Montana Department of Natural Resources and Conservation

Montana Wildfire Roundup For August 21, 2015

Aug 21, 2015
Firefighter planning meeting on the Scotchman's Gulch Fire.
Inciweb

It was another active fire week in western Montana. Fires forced evacuations in Sanders County, closed part of Highway 2, and put the town of Essex on alert. Nowhere in western Montana escaped the choking smoke produced by dozens of fires burning in the state and in neighboring Idaho and Washington.

A helicopter on initial attack on the Burke Gulch fire this week, one of 40 lightning-caused wildfires crews have contained since Aug. 10.
Courtesy Cory Rennaker Bitterroot Helitack

Governor Steve Bullock sent a letter to the U.S. Forest Service today saying he’s frustrated that Montana’s fleet of firefighting helicopters often can’t be used to attack fires on federal land.

Governor Declares Fire Emergency In Montana

Aug 16, 2015
MT DNRC

Citing active wildfires and extreme fire danger across the state, Governor Steve Bullock has issued an executive order declaring a fire emergency in Montana. “Montana is facing extreme fire conditions. This declaration will provide additional resources to the brave men and women fighting these fires,” Bullock said of the declaration. 

A lot of people know about the Berkeley Pit in Butte, but not many know about another significant pollution challenge in the Mining City. It’s called the Parrot Plume, and there’s controversy over whether it needs to be cleaned up, and if so, who would pay for it.

Without water, we perish. For 30 years, the Confederated Salish-Kootenai Tribes and the state of Montana have disagreed about tribal water right claims. But this year the legislature approved a comprehensive water rights agreement. Melissa Hornbein was one of the lead attorneys in the negotiations, working for Montana DNRC and the Montana Reserved Water Rights Commission. Hornbein talks with Brian Kahn about the legal and emotional challenges of negotiating the Flathead water compact.

BLM (CC-BY-2.0)

Montana fire officials are urging people to be extra careful with fire this weekend and over Fourth of July.

Negotiating teams for the Confederated Salish and Kootenai Tribes, the State of Montana, and the United States have completed a revised draft of a proposed water right compact.

However, a copy of the draft is not yet publicly available.

A Montana Department of Natural Resources & Conservation press release says: "For copies of the public review draft of the Revised Compact and associated documents please check the RWRCC website during the week of January 5, 2015"

Danny Dauterive

A large fire that ignited yesterday in Missoula's Miller Creek drainage no longer presents a threat to Northwestern Energy high voltage power lines, communication towers on Dean Stone Mountain or local homes.

An overheated chainsaw muffler sparked the Lost Mine Loop fire. Miller Creek Road remains closed to all but fire crews and local traffic.The fire is now estimated to encompass 153 acres and is 75 percent contained.

Montana DNRC

Investigators say an overheated chainsaw side muffler ignited a wildfire that started yesterday afternoon in Missoula's Miller Creek drainage.

That fire now has a name - The Lost Mine Loop fire. It started Sunday afternoon around 2:00.  A flight survey will arrive today to determine the size of the fire, which is estimated to be greater than 60 acres.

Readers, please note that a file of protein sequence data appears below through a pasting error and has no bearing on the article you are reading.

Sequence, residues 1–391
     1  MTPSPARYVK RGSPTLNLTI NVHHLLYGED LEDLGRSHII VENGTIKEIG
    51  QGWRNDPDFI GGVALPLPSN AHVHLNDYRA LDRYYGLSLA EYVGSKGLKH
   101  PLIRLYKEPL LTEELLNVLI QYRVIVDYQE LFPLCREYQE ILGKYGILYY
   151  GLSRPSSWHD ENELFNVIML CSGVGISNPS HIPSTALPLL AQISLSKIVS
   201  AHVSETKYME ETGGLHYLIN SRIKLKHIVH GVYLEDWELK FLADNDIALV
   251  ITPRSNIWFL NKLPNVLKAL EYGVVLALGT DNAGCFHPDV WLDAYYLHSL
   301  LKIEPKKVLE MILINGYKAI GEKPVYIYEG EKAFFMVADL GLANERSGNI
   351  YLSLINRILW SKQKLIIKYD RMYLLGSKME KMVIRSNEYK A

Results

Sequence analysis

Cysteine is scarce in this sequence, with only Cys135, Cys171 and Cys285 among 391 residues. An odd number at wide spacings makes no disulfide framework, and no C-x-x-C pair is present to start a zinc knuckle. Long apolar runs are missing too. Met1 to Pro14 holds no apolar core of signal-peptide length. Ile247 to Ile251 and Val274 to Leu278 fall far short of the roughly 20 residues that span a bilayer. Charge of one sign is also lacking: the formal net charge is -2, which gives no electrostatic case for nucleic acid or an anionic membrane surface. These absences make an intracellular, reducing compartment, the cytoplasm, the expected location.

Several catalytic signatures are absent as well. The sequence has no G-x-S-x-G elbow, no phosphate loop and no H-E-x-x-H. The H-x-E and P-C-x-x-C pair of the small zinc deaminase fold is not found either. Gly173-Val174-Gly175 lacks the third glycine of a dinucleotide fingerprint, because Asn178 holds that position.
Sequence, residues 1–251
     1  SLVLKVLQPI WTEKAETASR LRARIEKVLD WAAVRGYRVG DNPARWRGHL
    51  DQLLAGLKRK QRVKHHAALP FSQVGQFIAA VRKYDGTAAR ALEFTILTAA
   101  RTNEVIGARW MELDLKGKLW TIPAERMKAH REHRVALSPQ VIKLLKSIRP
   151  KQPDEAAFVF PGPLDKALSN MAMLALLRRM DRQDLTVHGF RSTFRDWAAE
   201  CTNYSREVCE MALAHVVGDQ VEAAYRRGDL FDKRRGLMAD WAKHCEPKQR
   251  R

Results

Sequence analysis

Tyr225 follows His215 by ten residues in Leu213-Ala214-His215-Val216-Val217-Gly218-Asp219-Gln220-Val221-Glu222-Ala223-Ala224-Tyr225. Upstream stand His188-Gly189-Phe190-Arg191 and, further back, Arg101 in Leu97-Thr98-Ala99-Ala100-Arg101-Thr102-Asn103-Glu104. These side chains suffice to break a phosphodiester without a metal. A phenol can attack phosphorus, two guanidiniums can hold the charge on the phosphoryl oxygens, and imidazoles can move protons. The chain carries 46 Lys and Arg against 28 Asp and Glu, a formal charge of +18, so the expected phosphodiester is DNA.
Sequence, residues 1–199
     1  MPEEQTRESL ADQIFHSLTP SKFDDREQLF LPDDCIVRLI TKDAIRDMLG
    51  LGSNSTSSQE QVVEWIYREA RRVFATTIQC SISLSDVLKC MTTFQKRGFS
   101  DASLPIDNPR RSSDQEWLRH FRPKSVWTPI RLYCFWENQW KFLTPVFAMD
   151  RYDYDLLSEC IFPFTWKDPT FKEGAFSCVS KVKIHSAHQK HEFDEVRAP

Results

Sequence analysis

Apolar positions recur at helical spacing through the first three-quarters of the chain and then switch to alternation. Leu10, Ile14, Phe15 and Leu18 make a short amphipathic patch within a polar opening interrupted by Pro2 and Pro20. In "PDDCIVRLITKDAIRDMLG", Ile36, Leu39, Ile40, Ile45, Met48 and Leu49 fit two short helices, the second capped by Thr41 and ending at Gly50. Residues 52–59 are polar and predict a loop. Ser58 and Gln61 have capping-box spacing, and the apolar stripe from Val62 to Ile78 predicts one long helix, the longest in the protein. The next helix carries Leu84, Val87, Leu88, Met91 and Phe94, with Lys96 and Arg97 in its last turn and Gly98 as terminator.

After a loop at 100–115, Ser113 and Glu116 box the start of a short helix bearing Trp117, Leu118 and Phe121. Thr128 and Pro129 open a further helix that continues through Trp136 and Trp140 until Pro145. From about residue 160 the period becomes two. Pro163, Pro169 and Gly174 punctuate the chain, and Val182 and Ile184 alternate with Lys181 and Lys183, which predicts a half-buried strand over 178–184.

In this evening's feature interview with Edward O'Brien, Michael Downey with Montana's Department of Natural Resources and Conservation explains why it's taken over 20 years to update Montana's water plan:

The existing Montana State Water Plan is long overdue for an update.

The existing plan guides the conservation and management of Montana's water resources.

It is currently over 20 years old and fails to address contemporary issues and challenges faced by water users today.

Josh Burnham (CC-BY)

The soaking rain that fell in parts of Western Montana dramatically cooled temperatures yesterday and came as welcome respite from the very hot and dry conditions of the past few weeks.

Fire officials, however, caution the rain by no means qualifies as a "season-ending" event.
       Montana Department of Natural Resources and Conservation's Jordan Koppen says the rain storm that parked over the Missoula valley yesterday was great to see:
      

Dan Boyce

A Democratic state representative believes a new water plan being developed by the Montana Department of Natural Resources and Conservation (DNRC) may provide a vehicle for inserting more climate science into state policy.

On Tuesday, members of the legislature’s Water Policy Interim Committee heard presentations from several prominent state climate scientists on the future of agricultural water use. These addressed the changing of Montana’s mountain snowpack, key stresses on the state’s water sources, and projections of future water supply.

Montana DNRC

The Montana Department of Natural Resources and Conservation has launched an initiative to update the state's water plan.

Sally Mauk

Western Montana's fire danger is back to a "low" rating, there's been plenty of rain recently - even some high-elevation snow in western Montana. The 2013 fire season is essentially behind us.

C. G. P. Grey/Flickr

State wildfire experts are saying heavy spring rain in Eastern Montana is lowering the risk for an extreme fire season across much of the state.

Leaders of state and federal agencies dealing with wildfire suppression briefed Governor Steve Bullock this week.

But Capitol Reporter Dan Boyce tells us those officials are still expecting much more severe conditions in Southwest Montana